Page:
How to Care for Myself
These would be personal care skills such as daily hygiene, dressing, nutrition, exercise, or coping with stress. Can they complete the basic everyday life skills to be able to care for themselves independently?
Check out our ebook Everyday Life Skills Personal Hygiene Skills for the Bathroom to help you teach your teen personal hygiene skills. Break down the steps to complete each skill to help your teen. Create checklists, visual sequencing cards, or use verbal directions until your teen can find strategies that help them learn the skill. How to Teach Teenagers with Autism Personal Hygiene Self-Care Tasks.
Does your child or teen struggle with personal hygiene skills due to sensory challenges? Check out our free Personal Hygiene Sensory Strategies Toolkit for help!
Check out these resources for personal care skills:
Everyday Life Skills
Practical everyday skills could include cooking meals, shopping, budgeting money, using transportation, home care tasks such as cleaning, laundry, or doing the dishes. If they were living in an apartment or home would they understand how to care for their home to keep it clean and safe? Would they be able to make meals for themselves and safely prepare food? Include your teen in these activities every day to help them practice and understand this routine. Provide them with visual supports such as checklists or visual sequencing cards. They may need verbal prompts as well. Check out your local community to see if they offer classes to help with some of these skills.
How to Teach Life Skills to Kids with Autism or Asperger’s
Executive Functioning Skills
These are skills that help us organize our day. They help us understand how to manage our time and what our routine will be for the day. They are skills that help us plan for our day with understanding our “to do” list, plan ahead for changes in our day, or how to analyze a situation. These are higher-level problem-solving skills to help us make decisions each day.
Learn more about task initiation and autism here.
How will your teen learn to support themselves? Will they be getting a job? How do you help them find a job, create a resume, or gain work experience? Help your teen think about jobs they may like to do or have good strong skills to complete. What are their strengths? Would they do better working on their own or with people? Helping them find a job with their strengths with helping them better succeed at the job. One way to find job opportunities is through volunteer work. Seek out potential jobs that your teen may be good at is contacting local businesses. You could try contacting local sports programs, libraries, grocery stores, churches, or community programs to see if they offer any volunteer opportunities that would be of interest to your teen. Also, do some research for community services in your area to see if they offer job coaches or vocational supports for your teen.
How to Manage my Emotions
Our emotions can make a big difference for us during our day. We can start our day feeling happy or we can feel sad. If we can’t understand how to manage our emotions we will have a hard time getting the things we need to get done. If our fear and anxiety get too big, we may not be able to go out into the community. Help your teen through their emotions by using affirmations, building upon their strengths, journaling, talking to them, letting them share how they are feeling with you, or finding calming strategies for them. You can help them learn to identify and recognize their emotions with these real life photo posters and flashcards activity pack.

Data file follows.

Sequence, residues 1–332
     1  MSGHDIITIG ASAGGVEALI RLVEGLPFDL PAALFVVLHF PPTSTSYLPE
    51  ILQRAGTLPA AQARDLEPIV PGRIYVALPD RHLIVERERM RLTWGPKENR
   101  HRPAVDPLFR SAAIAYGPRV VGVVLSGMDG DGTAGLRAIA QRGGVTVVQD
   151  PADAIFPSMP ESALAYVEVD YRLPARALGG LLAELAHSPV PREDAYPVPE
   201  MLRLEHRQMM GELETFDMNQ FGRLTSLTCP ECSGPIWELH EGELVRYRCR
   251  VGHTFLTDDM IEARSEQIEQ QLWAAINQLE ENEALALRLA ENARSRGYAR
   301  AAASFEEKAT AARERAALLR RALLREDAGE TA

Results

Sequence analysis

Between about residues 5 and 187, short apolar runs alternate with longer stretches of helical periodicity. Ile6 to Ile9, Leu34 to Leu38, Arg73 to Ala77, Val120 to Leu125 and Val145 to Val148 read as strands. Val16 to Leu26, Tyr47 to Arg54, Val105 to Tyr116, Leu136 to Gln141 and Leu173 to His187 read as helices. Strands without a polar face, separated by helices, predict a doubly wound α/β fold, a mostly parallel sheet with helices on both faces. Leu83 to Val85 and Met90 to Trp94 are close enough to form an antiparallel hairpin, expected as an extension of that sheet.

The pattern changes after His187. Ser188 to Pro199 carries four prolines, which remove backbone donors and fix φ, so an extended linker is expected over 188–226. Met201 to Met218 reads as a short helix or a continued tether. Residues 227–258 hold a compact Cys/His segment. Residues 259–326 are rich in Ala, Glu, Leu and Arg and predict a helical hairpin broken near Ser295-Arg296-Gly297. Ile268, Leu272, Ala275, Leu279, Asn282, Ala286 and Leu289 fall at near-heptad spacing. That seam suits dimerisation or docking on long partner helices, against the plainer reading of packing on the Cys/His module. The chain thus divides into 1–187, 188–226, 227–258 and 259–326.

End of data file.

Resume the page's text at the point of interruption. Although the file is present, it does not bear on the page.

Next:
Check out our Free Calm Down Strategies Toolkit for more tips and resources for calming strategies.
We have created a FREE Life Skills Checklist for you! Click Here to be able to download the FREE Life Skills Checklist for Teens Transitioning Into Adulthood.
Related: Other Helpful Life Skills Resources
Teaching Life Skills
Check out the links below for additional help and resources for teaching various life skills.
The Best Functional Life Skills Resources for Autistic Individuals
Feel Successful and Confident Teaching Life Skills
Life Skills to Practice over the Summer Months
Tips for Teaching Money Management Skills to Autistic Teens
How to Help Your Autistic Teen with Organizational Skills
How to Help Autistic Teens Learn How to use the Microwave for Cooking
Disclaimer: Sara Anderson is a pediatric occupational therapist. The advice in these tips is not to replace medical advice from a physician or your pediatrician. Please consult their advice if you suspect any medical or developmental issues with your child, teen, or adult. These tips do not replace the relationship between therapist and client in a one on one treatment session with an individualized treatment plan based on their professional evaluation.
All activities are designed for complete adult supervision. Please use your own judgment when completing these activities with your child or teen. Learning For a Purpose is not liable for any injury when replicating any of the activities found on this blog.